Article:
The Federal Court of Appeals Rules that a Surety was discharged from its obligations under the performance bond due to the Project Owner's insistence that the bonding company not use the defaulted contractor as the completion contractor

St. Paul Fire & Marine Ins. Co. v. VDE Corp., 603 F.2nd 119 (2nd Circ. 2010)

A prime contractor posted a performance bond in favor of the project owner. The performance bond issued by the surety was a standard AIA A312 (1984) form bond. During the project, the owner defaulted and terminated the contactor for, among other things, refusing to perform its contractual obligations, failing to work at a reasonable pace, abandonment of the work, and failing to act in good faith. The owner notified the surety of the default and termination, insisted that the surety satisfy its obligations under the bond, and objected to the surety using the defaulted contractor to complete the project.

Paragraph 4 of the bond provided in pertinent part:

When the Owner has satisfied the conditions of Paragraph 3 [for declaring the contractor to be in default], the Surety shall promptly and at the Surety’s expense take one of the following actions:

4.1 Arrange for the Contractor, with consent of the Owner, to perform and complete the Construction Contract; or

4.2 Undertake to perform and complete the Construction Contract itself, through its agents or through independent contractors; or

4.3 Obtain bids or negotiated proposals from qualified contractors acceptable to the Owner for a contract for performance and completion of the Construction Contract, arrange for a contract to be prepared for execution by the Owner and the contractor selected with the Owner’s concurrence, to be secured with performance and payment bonds executed by a qualified surety equivalent to the bonds issued on the Construction Contract, and pay to the Owner the amount of damages as described in Paragraph 6 in excess of the Balance of the Contract Price incurred by the Owner resulting from the Contractor’s default; or….

Under these provisions, the owner’s consent is expressly required only for the options set out in 4.1 and 4.3.

After the owner declared the surety in default of its obligations under the bond, the surety filed a declaratory judgment action against the owner seeking a declaration that the owner had breached the bond by not permitting the surety to use the original contractor to complete the work and, asked to be released from the bond. The District Court granted summary judgment in favor of the surety, finding that the owner materially breached the bond by denying the surety the right to complete the project using the original contractor, pursuant to Paragraph 4.2 of the bond, which released the surety from its obligations under the bond.

On appeal, the owner argued that under Paragraph 4 of the bond, the surety may not complete the project with a contractor unless the owner consents. It also argued that even if consent is not ordinarily required, it is required on the facts before the court where there is an allegation that the contractor acted in bad faith. Principally relying on the rational and holding in St. Paul Fire & Marine Ins. Co. v. Green River, 93 F.Supp. 2nd, 1170, 1177 (D.Wyo. 2000), aff’d, 6 F.Ap’x 828 (10th Circ. 2001), the Second Circuit Court of Appeals found the owner’s arguments unfounded.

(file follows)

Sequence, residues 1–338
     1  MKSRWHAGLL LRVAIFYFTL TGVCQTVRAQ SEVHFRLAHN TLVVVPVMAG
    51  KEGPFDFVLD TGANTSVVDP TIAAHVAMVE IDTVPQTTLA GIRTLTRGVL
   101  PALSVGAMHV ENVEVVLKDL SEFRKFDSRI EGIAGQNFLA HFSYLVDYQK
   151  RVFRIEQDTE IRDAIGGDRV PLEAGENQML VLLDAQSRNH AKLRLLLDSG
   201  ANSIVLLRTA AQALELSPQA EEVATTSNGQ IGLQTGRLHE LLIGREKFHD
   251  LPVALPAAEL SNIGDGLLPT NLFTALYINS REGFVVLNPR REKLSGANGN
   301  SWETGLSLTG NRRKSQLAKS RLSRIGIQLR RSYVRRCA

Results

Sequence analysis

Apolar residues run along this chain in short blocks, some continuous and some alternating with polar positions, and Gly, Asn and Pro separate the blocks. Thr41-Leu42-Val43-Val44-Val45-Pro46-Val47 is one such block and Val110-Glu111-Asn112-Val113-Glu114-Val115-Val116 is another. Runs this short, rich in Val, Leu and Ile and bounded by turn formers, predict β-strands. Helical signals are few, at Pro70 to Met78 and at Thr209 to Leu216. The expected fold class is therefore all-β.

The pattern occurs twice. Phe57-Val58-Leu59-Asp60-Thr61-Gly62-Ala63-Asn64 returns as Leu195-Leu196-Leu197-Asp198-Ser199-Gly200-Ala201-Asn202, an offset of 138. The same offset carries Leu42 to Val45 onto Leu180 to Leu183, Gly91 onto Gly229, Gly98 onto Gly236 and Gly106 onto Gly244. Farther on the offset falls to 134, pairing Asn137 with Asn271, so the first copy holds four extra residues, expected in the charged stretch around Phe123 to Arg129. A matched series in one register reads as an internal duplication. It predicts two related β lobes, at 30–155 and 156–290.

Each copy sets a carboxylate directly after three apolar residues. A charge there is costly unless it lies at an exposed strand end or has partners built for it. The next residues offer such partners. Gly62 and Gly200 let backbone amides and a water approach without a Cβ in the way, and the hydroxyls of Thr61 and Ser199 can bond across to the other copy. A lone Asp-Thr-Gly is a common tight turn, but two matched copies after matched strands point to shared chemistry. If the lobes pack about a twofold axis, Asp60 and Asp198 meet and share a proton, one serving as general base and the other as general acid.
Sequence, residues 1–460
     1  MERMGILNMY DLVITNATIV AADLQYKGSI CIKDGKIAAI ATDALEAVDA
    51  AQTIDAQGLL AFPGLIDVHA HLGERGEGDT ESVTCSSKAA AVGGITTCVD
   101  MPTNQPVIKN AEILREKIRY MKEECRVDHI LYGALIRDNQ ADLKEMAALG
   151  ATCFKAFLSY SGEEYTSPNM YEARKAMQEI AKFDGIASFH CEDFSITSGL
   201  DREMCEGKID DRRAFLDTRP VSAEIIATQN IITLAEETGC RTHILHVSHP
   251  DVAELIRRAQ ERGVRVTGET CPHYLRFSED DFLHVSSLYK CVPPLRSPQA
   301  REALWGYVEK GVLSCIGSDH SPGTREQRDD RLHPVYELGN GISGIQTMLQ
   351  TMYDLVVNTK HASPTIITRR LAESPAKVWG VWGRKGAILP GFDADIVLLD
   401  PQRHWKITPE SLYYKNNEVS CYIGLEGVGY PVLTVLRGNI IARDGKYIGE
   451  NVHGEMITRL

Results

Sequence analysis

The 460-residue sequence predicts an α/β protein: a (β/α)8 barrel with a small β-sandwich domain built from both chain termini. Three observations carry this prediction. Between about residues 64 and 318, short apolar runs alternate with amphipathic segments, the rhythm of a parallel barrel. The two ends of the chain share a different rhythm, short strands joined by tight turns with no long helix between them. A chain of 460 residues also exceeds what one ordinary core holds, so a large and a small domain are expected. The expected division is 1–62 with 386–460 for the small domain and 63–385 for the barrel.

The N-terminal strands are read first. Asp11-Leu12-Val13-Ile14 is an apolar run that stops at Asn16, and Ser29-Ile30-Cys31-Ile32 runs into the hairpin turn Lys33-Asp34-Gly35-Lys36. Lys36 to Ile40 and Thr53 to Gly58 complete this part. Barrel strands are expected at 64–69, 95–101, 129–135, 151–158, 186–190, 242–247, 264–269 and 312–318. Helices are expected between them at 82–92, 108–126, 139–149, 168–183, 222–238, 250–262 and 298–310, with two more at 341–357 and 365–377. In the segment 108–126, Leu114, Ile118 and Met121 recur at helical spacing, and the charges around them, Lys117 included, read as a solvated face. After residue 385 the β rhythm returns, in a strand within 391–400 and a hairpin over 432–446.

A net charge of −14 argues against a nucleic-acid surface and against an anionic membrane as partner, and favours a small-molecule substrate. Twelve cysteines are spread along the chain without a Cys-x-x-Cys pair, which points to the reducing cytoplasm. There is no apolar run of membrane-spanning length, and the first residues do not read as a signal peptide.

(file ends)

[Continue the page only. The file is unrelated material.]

Specifically, the court found the text of Paragraph 4.2 to be unambiguous and did not require an owner’s consent to use the original defaulted contractor. Unlike Paragraph 4.1 of the bond, which expressly requires the owner’s consent for the surety to arrange for the contractor to perform and complete the construction contract and Paragraph 4.3 of the bond, which expressly requires the owner’s consent of contractors from which the surety would solicit bids to complete the work. Paragraph 4.2 contains no express requirements for owner consent. Apart from the absence of any express requirement for owner consent, the court noted that there is a functional difference between the various alternatives in that, in Paragraph 4.2, the surety is undertaking primary responsibility to complete the contract and enters into a take over agreement directly with the owner, which sets out the party’s future rights and obligations with the respect to the scope of the remaining work to be completed. By contrast, pursuant to Paragraph 4.1, the owner’s contract with the contractor remains intact, with the surety arranging for the contractor’s completion of the work by financing its continued performance. The court likewise rejected the owner’s argument that the contractor’s bad faith justifies its right to require its consent for the contractor to complete the project on grounds that there is no authority for such a proposition and that the test of Paragraph 4.2 places not restrictions on the surety’s selection of the completion contractor.

Accordingly, the court affirmed the decision of the District Court and ruled that the owner’s refusal to permit the surety to use the original contractor as the completion contractor for the project, permitted by Paragraph 4.2 of the bond, was a material breach of the bond, which consequently discharged the surety from its performance obligations.

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